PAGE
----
Title

Characterization of a novel methyl radical source and related thin film growth studies

Semester

Fall

Date of Graduation

2000

Document Type

Dissertation

Degree Type

PhD

College

Eberly College of Arts and Sciences

Department

Physics and Astronomy

Committee Chair

Charter Stinespring.

Abstract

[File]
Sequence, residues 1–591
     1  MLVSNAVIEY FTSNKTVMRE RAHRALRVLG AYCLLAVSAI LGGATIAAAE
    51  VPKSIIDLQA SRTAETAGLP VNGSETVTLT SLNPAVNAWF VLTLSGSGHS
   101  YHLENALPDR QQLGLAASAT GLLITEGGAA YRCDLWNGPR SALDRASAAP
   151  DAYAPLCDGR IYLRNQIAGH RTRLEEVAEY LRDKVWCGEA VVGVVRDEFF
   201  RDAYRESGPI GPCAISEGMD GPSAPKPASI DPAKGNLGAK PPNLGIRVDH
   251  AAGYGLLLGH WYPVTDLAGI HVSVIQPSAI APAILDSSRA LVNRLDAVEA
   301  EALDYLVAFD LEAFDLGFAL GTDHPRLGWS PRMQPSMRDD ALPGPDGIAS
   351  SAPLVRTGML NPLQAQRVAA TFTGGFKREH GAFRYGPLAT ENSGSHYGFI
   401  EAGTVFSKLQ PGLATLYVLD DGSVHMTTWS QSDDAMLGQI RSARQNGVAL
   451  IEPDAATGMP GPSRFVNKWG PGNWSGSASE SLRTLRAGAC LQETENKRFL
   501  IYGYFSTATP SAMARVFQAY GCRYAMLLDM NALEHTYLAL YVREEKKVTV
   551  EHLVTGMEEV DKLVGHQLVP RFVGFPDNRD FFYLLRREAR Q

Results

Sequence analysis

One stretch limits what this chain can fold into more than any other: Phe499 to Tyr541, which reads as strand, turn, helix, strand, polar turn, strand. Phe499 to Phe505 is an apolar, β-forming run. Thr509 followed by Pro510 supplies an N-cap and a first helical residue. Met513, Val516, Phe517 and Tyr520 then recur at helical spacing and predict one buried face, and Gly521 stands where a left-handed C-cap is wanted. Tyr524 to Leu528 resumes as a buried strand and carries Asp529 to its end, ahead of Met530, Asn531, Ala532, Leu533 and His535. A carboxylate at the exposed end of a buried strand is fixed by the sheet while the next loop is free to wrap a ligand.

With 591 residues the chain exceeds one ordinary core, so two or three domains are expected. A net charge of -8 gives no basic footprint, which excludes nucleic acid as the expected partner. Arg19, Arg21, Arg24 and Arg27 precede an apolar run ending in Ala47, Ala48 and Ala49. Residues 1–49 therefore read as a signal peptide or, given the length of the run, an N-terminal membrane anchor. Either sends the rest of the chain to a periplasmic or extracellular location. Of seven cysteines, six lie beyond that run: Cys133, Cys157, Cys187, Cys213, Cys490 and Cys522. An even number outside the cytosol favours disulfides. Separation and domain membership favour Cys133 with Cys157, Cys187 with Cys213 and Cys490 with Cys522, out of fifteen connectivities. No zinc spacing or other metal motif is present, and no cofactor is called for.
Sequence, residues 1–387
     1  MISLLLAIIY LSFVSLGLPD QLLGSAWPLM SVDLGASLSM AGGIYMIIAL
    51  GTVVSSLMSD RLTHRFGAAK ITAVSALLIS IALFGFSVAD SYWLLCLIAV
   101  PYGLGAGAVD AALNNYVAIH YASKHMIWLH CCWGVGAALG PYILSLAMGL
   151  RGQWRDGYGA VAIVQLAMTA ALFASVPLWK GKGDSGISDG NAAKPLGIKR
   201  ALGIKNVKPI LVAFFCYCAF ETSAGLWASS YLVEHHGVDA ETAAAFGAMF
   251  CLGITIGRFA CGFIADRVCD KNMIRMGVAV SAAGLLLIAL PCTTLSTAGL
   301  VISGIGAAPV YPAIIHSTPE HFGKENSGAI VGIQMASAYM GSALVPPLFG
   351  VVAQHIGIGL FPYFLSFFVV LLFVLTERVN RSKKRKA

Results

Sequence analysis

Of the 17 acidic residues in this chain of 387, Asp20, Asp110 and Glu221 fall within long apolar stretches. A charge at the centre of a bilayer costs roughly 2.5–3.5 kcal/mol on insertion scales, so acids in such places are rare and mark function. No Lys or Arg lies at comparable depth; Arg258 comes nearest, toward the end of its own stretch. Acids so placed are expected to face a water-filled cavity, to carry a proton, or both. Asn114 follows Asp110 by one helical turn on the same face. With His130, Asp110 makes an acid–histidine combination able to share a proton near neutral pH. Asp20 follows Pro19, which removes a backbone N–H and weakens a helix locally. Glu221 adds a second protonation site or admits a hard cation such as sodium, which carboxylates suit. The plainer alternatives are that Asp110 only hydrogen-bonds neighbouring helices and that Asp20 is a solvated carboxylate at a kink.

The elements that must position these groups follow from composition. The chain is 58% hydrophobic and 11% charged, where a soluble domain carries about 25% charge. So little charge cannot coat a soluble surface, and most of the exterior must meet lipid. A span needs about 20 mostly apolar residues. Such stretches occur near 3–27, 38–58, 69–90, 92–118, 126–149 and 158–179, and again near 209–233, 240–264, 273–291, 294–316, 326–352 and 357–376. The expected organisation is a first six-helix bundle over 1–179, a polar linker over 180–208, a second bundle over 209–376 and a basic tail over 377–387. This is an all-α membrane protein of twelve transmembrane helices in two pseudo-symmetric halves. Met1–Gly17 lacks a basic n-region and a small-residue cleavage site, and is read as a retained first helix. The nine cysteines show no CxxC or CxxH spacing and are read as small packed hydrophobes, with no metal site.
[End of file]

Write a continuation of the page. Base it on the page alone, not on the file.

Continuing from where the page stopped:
An ultrahigh vacuum compatible methyl (CH3) radical source has been developed. The methyl radicals were generated by dc- and microwave-discharge processes in either of two ways. In the first, argon (Ar) or an Ar/Xe mixture was passed through the discharge to produce inert gas metastables that react with methane to produce the desired species. This was referred to as the indirect mode of operation. In the second or direct mode, an inert gas/methane mixture was passed directly through the discharge. The discharge/reaction products were sampled using a skimmer, and the resulting molecular beam was either characterized using a mass spectrometer or used in nucleation and growth experiments.;The characterization studies showed that a "clean" flux of CH3 radicals was produced for a 7.5% CH4 mixture, a source pressure of 200 mT and a residence time of ∼60 ms. The flux of CH3 radicals in this case was 3.3 x 1014 cm -2 s-1. Higher CH3 fluxes and yields could be achieved under different conditions, however undesired species also became significant.;Several thin films were grown using the CH3 radical source. These were characterized using Auger electron spectroscopy (AES), atomic force microscopy (AFM), and secondary electron microscopy (SEM). At a sample temperature of 652°C, silicon carbide (SiC-C) and diamond (sp3-C) were immediately detected by curve fitting of the carbon Auger KLL (C-KLL) peak. At increased sample temperature, there was an induction period in the growth of sp3-C. Graphitic (sp2-C) carbon was only detected in a film grown at an increased flux of all species. Samples grown at 652°C were remarkably smooth, while films grown at elevated temperatures contained numerous surface features. In general, the growth results support the model of surfactant mediated growth of carbon films on silicon. In addition, the results demonstrate a marked dependence on the growth species.

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